Review: Small Town Heroes by Hurray for the Riff Raff


A murder ballad turned on its head in which the narrators rescues the female victim in an act of feminist heroism.  Commentary on gun violence in America that is present and poignant without being heavy-handed. A deep and rich blend of country, western, blues, soul, and Americana heritage in fresh takes on cultural stalwarts such as the Jesse Fuller’s San Francisco Bay Blues, the iconic Blue Ridge Mountains, Walt Whitman, and old time trains.

All this and more you’ll find in Hurray for the Riff Raff‘s latest release. It left me speechless at numerous places upon first listen, stimulated not just my ears but also my cultural consciousness, my sense of place in history, and aroused in me a sometimes dormant but fundamental appreciation for old time country music and delta blues that I can usually only feel when I visit home. I love this ability of music to transport me to a specific time and place and remind me where I’ve come from.

The earnest sultriness of her voice, the deftly-woven lyrical patterns, the sharpness of her staccato rhythms, the languid ballads and harmonies, multifaceted instrumentation: fiddle, harmonica, accordion, and organ all combine to make this a gem of an album.

The audio production quality alone should make any music lover pay attention. Though she included lots of different instruments on a variety of tracks, each sound comes through cleanly, and with a precision of balance to the other colors and textures in the aural palette. Nowhere do vocals overpower instruments, or do guitars overpower percussion. Everything has its right place. I appreciate that. The use of jazz brushes on the snare in “Good Time Blues” pretty much single-handedly transports the listener to a Southern front porch with a warm breeze and a rocking chair. Utterly mesmerizing.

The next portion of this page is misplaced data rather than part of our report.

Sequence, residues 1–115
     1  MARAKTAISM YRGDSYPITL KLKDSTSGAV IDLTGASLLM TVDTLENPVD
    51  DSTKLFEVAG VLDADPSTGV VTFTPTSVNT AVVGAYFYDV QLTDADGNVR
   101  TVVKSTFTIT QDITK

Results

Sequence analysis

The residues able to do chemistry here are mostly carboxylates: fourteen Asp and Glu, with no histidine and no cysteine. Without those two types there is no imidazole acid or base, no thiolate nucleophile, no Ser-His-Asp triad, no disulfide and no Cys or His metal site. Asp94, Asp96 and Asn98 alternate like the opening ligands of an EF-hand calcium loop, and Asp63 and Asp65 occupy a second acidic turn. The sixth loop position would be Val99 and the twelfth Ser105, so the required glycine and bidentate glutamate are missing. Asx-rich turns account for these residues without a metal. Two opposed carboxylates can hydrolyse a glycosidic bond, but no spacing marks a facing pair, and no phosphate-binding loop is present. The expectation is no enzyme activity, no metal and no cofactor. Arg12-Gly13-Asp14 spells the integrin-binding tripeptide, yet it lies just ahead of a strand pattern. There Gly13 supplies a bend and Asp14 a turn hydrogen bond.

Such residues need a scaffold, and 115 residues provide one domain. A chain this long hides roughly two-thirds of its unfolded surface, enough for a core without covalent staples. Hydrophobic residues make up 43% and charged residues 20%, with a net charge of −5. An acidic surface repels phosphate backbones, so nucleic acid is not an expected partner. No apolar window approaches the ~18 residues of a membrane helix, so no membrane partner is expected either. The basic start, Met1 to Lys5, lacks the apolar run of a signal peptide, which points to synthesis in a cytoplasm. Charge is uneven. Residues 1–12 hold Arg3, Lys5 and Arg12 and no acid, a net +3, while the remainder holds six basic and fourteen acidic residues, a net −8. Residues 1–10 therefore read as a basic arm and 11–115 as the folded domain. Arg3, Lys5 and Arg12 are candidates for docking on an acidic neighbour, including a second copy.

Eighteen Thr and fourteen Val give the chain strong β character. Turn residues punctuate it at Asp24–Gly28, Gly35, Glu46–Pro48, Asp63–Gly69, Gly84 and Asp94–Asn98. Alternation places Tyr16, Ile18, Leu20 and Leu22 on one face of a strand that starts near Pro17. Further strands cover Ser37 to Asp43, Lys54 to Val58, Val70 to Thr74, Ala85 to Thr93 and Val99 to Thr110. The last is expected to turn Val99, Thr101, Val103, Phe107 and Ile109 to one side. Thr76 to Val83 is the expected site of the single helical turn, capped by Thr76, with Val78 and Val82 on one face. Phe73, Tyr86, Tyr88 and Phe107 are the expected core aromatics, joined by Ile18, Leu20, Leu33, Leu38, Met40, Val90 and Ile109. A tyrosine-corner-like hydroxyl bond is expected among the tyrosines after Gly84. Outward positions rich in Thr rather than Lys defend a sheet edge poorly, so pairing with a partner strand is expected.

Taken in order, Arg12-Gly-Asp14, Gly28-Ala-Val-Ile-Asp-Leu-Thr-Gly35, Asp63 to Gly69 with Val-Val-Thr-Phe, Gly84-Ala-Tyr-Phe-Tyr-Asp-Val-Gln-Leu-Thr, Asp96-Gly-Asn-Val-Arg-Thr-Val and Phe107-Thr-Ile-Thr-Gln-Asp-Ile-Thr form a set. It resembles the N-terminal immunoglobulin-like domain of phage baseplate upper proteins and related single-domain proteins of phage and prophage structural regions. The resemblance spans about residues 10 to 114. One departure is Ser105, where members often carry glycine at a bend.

The first six tracks are flawless, and the second side keeps to the form with only one or two places where my attention waned briefly.  For the vast majority of this listen I was rapt with full attention to Alynda Lee Segarra’s creative process and reveling in the final result. The final track “Forever and a Day” is more of a traditional Scotch-Irish dirge but with an Old West atmosphere, complete with bagpipes and haunting funereal tone but lyrics about Senoritas, lassos and the desert sky. It brings a dramatic finality to the album, and possesses enough gravitas that it almost as if it’s the last song she’ll ever record.

But let’s hope not. Let’s hope for more and more of the wonder, heartache, and musical genius that inspired this year’s first truly excellent release. It’s a keeper.  

My favorite track: End of the Line. You can buy it and the whole album on iTunes and at


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